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Barring some kind of major reversal, the Nasdaq 100 is on course for its highest monthly close in history. This is good news for the tech index, since momentum tends to beget momentum, but also for stock markets more broadly. On balance over the past 40 years, when the Nasdaq makes a new high, the other US markets tend to follow.
It does not take a charting genius to see the chart below is one that remains firmly in an uptrend. While it seemed ominous at the time, the sell-off in January and February provided one of the best buying opportunities in the index for a long time. In contrast to the small ‘mid-season sales’ of 2017, when a 2%, 3% or even 4% was all that could be hoped for, the 12% correction was a bonanza for those looking to buy low and sell high.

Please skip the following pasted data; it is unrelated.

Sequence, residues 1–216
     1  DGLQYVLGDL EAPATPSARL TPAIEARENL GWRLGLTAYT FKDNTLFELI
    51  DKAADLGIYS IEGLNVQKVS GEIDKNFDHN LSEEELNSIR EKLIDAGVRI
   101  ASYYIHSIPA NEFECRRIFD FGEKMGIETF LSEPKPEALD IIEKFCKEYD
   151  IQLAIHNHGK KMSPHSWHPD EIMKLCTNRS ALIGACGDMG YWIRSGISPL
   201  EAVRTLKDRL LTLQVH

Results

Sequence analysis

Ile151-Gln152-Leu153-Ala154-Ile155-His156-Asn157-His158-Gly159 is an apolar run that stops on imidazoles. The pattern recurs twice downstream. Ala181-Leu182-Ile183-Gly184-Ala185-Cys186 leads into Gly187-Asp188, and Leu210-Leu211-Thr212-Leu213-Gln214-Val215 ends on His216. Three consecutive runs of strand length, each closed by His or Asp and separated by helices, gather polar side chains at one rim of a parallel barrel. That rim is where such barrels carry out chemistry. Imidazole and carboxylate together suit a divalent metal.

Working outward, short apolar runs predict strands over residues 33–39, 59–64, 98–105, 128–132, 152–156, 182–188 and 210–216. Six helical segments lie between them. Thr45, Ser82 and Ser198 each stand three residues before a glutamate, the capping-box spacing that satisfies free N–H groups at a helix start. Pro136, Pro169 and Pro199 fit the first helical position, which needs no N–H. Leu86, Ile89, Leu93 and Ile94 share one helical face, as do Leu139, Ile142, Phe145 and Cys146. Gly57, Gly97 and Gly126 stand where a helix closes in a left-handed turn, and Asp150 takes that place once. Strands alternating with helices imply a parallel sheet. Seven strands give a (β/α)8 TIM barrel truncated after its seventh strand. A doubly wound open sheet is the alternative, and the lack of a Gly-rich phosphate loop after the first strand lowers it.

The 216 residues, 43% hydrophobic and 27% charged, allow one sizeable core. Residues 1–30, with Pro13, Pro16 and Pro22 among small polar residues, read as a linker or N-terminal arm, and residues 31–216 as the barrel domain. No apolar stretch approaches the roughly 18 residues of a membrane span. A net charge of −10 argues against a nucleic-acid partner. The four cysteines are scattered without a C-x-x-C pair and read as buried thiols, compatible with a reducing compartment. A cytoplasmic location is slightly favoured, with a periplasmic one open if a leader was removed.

Indeed the sell-off was rapidly followed by a new record high in March, breaking above the January one, and while a sell-off soon followed, this was a higher low, followed by yet another higher low at the end of April.
Recently we looked at the reasons why the US market was not poised to enter a bear market. This remains the case. The new all-time high sends yet another clear message that stocks are still exhibiting strong momentum. Dips should remain buying opportunities, although they may not be quite as generous as the January and March sell-offs.